It is currently 17 Oct 2017, 12:25

### GMAT Club Daily Prep

#### Thank you for using the timer - this advanced tool can estimate your performance and suggest more practice questions. We have subscribed you to Daily Prep Questions via email.

Customized
for You

we will pick new questions that match your level based on your Timer History

Track

every week, we’ll send you an estimated GMAT score based on your performance

Practice
Pays

we will pick new questions that match your level based on your Timer History

# Events & Promotions

###### Events & Promotions in June
Open Detailed Calendar

# PS - Exponents

Author Message
Manager
Joined: 12 Apr 2006
Posts: 213

Kudos [?]: 30 [0], given: 17

Location: India

### Show Tags

24 May 2009, 05:45
1
This post was
BOOKMARKED
00:00

Difficulty:

(N/A)

Question Stats:

0% (00:00) correct 0% (00:00) wrong based on 0 sessions

### HideShow timer Statistics

This topic is locked. If you want to discuss this question please re-post it in the respective forum.

If x and y are integers and
[15^x + 15^(x+1)]/4^y = 15^y,

what is the value of x?
a) 2
b) 3
c) 4
d) 5
e) Cannot be determined

Kudos [?]: 30 [0], given: 17

Senior Manager
Joined: 08 Jan 2009
Posts: 326

Kudos [?]: 176 [0], given: 5

### Show Tags

24 May 2009, 06:32
Soln:

15 ^x + 15 ^(x+1) = 15^y * 4 ^y

15 ^x ( 16 ) = 60 ^ y

so 16 = 60^y/ 15 ^ x

so when y = 2 and x = 2 . 16 = 60^2 /15^2

so A.

Kudos [?]: 176 [0], given: 5

Intern
Joined: 15 Feb 2009
Posts: 12

Kudos [?]: [0], given: 0

### Show Tags

24 May 2009, 15:14
tkarthi4u wrote:
Soln:

15 ^x + 15 ^(x+1) = 15^y * 4 ^y

15 ^x ( 16 ) = 60 ^ y

so 16 = 60^y/ 15 ^ x

so when y = 2 and x = 2 . 16 = 60^2 /15^2

so A.

what happened with the exposents (y)?
dont we add exposents? so it gives 60^2y??

Kudos [?]: [0], given: 0

Intern
Joined: 17 May 2009
Posts: 10

Kudos [?]: 1 [0], given: 0

Location: USA
Schools: Kellogs, Wharton, Chicago

### Show Tags

24 May 2009, 16:27
[15^x + 15^(x+1)]/(4^y) = 15^y
==> (15^x)*16 = (15^y)*(4^y)
==>(15^x)*(4^2) = (15^y)*(4^y)
Since 15 and 4 are relatively prime i.e 15 is not divisible by 4, the only way this equation is valid is when
y=2 and y=x, therefore x=2.

Kudos [?]: 1 [0], given: 0

Intern
Joined: 21 Apr 2009
Posts: 10

Kudos [?]: 4 [0], given: 0

Location: DC

### Show Tags

30 May 2009, 13:48
MontrealGirl wrote:
15^y * 4 ^y
= 60 ^ y

what happened with the exposents (y)?
dont we add exposents? so it gives 60^2y??

@MontrealGirl:
You only add the exponents when you are multiplying together items that have the exact same base. Thus, $$x^4 * x^5$$ is indeed $$x^9$$. This is one of the fundamental rules of exponents.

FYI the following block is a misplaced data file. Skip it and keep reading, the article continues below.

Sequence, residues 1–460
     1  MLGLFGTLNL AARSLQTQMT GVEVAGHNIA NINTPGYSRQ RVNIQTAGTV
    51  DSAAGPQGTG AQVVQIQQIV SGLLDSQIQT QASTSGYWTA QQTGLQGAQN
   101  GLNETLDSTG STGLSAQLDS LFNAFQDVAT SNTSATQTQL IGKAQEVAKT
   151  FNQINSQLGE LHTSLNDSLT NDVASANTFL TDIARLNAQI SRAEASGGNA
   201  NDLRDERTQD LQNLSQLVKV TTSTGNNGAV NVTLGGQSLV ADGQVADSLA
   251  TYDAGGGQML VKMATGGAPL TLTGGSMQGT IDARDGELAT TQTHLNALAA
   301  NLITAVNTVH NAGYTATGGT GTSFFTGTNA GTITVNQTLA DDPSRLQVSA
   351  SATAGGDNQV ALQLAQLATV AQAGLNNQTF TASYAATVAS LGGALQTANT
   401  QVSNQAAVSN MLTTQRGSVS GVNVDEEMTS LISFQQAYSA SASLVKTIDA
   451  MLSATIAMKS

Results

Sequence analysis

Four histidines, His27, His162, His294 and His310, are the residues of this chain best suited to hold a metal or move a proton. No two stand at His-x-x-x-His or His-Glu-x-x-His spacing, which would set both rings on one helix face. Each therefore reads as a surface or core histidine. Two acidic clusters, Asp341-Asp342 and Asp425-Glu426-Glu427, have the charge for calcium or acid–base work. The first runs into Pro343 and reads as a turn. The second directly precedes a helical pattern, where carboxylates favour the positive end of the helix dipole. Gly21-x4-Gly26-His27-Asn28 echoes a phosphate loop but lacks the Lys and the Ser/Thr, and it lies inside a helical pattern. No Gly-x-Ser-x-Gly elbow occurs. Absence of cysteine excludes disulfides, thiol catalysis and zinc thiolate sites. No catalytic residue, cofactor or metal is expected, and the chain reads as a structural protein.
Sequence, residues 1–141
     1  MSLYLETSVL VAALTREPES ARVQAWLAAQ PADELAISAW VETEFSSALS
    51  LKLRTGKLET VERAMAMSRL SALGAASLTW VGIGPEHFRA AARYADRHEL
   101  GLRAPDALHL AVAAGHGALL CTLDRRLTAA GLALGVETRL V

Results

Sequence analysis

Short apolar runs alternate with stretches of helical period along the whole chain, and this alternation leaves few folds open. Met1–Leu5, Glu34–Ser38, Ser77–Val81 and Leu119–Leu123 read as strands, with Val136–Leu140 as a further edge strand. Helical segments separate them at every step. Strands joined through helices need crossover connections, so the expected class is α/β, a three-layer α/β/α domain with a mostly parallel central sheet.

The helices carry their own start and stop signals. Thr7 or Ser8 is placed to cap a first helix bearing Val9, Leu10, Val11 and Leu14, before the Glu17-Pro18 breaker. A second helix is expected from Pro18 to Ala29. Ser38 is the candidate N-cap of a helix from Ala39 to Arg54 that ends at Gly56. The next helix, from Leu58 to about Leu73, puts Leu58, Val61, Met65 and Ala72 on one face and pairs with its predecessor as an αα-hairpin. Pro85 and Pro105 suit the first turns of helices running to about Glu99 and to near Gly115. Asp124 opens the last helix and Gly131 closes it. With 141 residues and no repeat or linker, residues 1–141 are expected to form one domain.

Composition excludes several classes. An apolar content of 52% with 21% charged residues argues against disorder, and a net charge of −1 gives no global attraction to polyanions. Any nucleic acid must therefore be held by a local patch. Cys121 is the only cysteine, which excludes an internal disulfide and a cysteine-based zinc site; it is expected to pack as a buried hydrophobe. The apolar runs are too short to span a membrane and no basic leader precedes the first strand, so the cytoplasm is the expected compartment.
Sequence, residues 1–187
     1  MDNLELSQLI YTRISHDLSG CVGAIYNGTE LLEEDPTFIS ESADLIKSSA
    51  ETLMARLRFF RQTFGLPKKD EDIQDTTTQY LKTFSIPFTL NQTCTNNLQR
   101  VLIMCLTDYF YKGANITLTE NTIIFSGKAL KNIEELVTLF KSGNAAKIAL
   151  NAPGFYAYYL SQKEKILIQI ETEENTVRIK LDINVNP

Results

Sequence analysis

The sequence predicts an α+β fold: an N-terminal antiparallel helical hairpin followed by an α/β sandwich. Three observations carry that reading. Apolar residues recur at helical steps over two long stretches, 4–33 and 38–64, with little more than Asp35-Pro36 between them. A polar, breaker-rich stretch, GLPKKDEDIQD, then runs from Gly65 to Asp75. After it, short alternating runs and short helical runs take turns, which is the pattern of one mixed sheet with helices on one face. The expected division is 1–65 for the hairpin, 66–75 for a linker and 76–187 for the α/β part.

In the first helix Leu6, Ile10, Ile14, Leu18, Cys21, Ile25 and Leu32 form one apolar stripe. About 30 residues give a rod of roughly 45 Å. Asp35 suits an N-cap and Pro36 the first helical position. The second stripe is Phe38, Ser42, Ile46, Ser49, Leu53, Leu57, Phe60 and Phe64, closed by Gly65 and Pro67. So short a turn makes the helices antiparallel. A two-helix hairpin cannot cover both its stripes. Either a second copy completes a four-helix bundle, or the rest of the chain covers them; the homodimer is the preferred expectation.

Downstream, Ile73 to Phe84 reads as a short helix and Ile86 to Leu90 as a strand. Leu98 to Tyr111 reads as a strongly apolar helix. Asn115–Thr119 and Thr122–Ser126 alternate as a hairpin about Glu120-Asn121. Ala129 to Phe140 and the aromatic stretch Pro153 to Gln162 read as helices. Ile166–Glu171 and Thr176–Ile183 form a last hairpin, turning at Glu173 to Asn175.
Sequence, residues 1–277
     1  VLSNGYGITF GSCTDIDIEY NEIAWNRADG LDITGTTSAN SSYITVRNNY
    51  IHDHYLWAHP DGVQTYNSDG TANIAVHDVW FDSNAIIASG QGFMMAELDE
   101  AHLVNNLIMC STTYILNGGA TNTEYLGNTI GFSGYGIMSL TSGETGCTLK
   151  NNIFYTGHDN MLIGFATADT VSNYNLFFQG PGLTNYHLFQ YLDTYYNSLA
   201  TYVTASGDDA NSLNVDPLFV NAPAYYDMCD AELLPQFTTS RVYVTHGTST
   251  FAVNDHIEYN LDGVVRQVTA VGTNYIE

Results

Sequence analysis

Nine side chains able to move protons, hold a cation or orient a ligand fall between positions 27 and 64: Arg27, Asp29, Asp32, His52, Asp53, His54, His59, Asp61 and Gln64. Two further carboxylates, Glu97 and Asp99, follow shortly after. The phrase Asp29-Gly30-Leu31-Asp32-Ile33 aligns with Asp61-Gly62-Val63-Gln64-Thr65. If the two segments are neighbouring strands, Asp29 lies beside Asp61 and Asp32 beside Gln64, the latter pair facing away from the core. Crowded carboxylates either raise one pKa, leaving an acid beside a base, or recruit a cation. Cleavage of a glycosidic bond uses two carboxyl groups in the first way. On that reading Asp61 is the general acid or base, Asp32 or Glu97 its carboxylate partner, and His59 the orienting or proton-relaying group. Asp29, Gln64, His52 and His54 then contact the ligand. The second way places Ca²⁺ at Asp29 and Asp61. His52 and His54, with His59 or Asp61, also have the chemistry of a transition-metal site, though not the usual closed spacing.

The rule that's used here, however, doesn't come up as often: When you multiply things together that happen to have the same exponent, then indeed multiply the old bases to get a new base, and then keep the exponent the same.

Look at, for example, $$2^5*3^5 = 6^5$$. You can even confirm that the left equals the right with a calculator.

Here's a way to think about it: The term $$15^y$$ means "$$y$$-many 15s, all multiplied together". Then the term $$4^y$$ means "$$y$$-many 4s, all multiplied together". Thus, what do you get when you stick those piles together? Imagine that each 15 "pairs up" with one of the 4s, so you have a bunch of 60s. How many? Exactly $$y$$ many, in fact.

An easy umbrella rule is that when you're multiplying (or dividing) and there are exponents involved, and something is the same, then whatever is the same will probably remain constant.

$$x^2 * x^3 = x^5$$
$$x^a * y^a = (xy)^a$$

Hope that explains it!

Kudos [?]: 4 [0], given: 0

Intern
Joined: 15 Feb 2009
Posts: 12

Kudos [?]: [0], given: 0

### Show Tags

30 May 2009, 14:07
Liquidhypnotic wrote:
MontrealGirl wrote:
15^y * 4 ^y
= 60 ^ y

what happened with the exposents (y)?
dont we add exposents? so it gives 60^2y??

@MontrealGirl:
You only add the exponents when you are multiplying together items that have the exact same base. Thus, $$x^4 * x^5$$ is indeed $$x^9$$. This is one of the fundamental rules of exponents.

The rule that's used here, however, doesn't come up as often: When you multiply things together that happen to have the same exponent, then indeed multiply the old bases to get a new base, and then keep the exponent the same.

Look at, for example, $$2^5*3^5 = 6^5$$. You can even confirm that the left equals the right with a calculator.

Here's a way to think about it: The term $$15^y$$ means "$$y$$-many 15s, all multiplied together". Then the term $$4^y$$ means "$$y$$-many 4s, all multiplied together". Thus, what do you get when you stick those piles together? Imagine that each 15 "pairs up" with one of the 4s, so you have a bunch of 60s. How many? Exactly $$y$$ many, in fact.

An easy umbrella rule is that when you're multiplying (or dividing) and there are exponents involved, and something is the same, then whatever is the same will probably remain constant.

$$x^2 * x^3 = x^5$$
$$x^a * y^a = (xy)^a$$

Hope that explains it!

makes sense

thanks

Kudos [?]: [0], given: 0

Re: PS - Exponents   [#permalink] 30 May 2009, 14:07
Display posts from previous: Sort by